The following article by GŁnther (Bartl??) was previously published in ABBUC Magazine number 51.

Atleast since Hans-Christof Tuchen in magazin number 50 introduced his 'deluxe methode' of connecting a monochrome TTL monitor to the XEP80, it shouldn't be a problem anymore to find a suitable monitor for an excellent 80 character representation. But there seem to be people who categorically refuse to perform internal upgrades to their beloved Atari hardware. With some effort, this can be overcome. A small electronic circuit extracts the horizontal and vertical synchronisation signals from the composite video signal the XEP80 puts out on its RCA jack, and brings them to TTL level as needed for use with a TTL monitor. Both signals are available in two flavors, inverted and non-inverted. A variable resistor is used to take into account slight differences in video signal input and small amplifier is used to prevent quality loss. The required voltage of +5 Volt can be taken from one of the joystickports.

The quality of the signal is in no way worse if compared to the direct connection. The advantage being that one gets the possibility of not having to use a CVBS monitor without losing picture quality. The TTL monitor could be used as a video control monitor for instance, but it can just as well use the picture from the Atari that was made by ANTIC. Those of you who work under TurboDOS, will know, that this DOS does not support screen handling in XEP80 mode. But if you add a switch, one could feed the normal ANTIC picture to a TTL monitor. One could even put a small sound amplifier on the printed circuit board, since most TTL-monitors do not support sound.

Whether CVBS or TTL monitor, if you want to enjoy working/playing with or without the XEP80, a second monitor is needed. I've already heard from many people that they do not use the XEP80 simply because they do not have enough room for a second monitor, or because they do not want one because of 'cosmetic' reasons. So one would need a monitor that will support both modes to the fullest satisfaction of the user. Unfortunately, I have not found this 'super-monitor', but I did find on that comes very close. It's name: Philips CM8833.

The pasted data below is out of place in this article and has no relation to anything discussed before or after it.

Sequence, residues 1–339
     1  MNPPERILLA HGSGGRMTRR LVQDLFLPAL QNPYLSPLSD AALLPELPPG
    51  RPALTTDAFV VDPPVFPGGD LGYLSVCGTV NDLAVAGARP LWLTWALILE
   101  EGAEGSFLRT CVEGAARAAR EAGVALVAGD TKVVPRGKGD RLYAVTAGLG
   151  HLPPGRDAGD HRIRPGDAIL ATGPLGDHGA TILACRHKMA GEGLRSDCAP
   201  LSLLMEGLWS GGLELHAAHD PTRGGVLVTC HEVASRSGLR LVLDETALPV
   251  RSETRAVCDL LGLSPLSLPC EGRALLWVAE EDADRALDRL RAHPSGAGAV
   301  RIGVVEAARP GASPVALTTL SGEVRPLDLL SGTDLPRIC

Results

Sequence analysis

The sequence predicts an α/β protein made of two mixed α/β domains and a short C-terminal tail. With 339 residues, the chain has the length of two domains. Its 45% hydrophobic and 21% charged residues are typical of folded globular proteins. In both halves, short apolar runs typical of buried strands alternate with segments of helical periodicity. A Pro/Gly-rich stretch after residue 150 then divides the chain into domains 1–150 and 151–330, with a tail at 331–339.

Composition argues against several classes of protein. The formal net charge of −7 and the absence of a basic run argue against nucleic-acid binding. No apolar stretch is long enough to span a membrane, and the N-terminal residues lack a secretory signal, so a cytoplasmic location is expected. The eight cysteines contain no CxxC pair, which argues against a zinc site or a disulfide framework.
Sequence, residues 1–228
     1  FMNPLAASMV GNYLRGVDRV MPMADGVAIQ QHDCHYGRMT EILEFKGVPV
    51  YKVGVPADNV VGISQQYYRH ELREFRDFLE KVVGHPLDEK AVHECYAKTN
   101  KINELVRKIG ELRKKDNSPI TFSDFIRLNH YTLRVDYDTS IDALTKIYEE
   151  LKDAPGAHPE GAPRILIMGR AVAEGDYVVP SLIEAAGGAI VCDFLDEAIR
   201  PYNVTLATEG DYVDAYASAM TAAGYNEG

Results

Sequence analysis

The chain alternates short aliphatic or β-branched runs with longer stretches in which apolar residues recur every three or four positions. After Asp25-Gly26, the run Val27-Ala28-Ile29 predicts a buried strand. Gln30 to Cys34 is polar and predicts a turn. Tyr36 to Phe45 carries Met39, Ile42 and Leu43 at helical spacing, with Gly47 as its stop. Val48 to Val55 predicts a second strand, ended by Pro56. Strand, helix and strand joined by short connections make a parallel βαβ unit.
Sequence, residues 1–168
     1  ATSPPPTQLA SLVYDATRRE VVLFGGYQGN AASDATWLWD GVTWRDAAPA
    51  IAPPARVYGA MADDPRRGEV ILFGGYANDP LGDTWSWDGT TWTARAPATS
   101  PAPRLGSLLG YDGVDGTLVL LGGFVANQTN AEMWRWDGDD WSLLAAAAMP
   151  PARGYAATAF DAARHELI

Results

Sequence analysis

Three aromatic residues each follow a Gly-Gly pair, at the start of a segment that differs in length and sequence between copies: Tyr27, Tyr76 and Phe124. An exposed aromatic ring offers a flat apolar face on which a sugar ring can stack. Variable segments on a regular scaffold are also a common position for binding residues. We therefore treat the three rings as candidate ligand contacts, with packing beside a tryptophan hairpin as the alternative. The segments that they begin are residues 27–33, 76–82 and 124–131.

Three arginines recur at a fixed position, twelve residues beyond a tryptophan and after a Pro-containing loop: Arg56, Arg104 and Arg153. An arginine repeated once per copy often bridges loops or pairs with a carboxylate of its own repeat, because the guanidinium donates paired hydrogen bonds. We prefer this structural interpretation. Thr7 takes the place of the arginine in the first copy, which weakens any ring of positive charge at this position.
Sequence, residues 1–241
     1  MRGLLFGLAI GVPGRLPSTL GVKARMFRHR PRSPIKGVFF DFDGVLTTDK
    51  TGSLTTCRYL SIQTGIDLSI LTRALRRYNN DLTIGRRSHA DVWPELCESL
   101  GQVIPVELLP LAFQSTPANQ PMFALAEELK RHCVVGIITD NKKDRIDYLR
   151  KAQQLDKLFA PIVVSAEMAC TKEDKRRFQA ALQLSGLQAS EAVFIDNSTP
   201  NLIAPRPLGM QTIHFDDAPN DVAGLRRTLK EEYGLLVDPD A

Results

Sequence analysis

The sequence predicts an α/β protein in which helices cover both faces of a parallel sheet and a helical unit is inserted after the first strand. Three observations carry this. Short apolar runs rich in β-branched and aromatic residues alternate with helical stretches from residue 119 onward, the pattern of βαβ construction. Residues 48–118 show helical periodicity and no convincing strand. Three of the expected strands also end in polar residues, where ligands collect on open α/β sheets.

The CM8833 is a CVBS monitor that can be recommended for everyday 40 column use with the XL/XE without hesitation. But because of the high resolution, it also delivers the best picture of all the monitors I know, when directly connected to the XEP80. This is enhanced by the ability to switch to a monochrome-green screen. But what makes this the ultimate monitor is that fact that it can handel both analog RGB (via the SCART connector) and RGB-TTL (via an 8 pin DIN connector). It automatically switches the vertical frequency between 50 and 60 Hz. Using analog RGB this monitor can for instance be used with both color modes of the Atari ST.

But on to connecting the XEP80 via RGB TTL:

Connecting it via above mentioned video TTL convertor is very easy. For the direct connection, the CM8833 only needs a vertical synchronisation signal, that is present at pin 8 of the 74LS86 (U6). The video signal is taken from R3 (the side that is connected to U4, pin 26), DIP switches can then be used to connect it to Red, Green, Blue and/or Intensity. The position of switches determines the color used on screen. It is also possible to take the intensity signal from U4 pin 25, as described by Hans-Christof Tuchen and then be switched via software.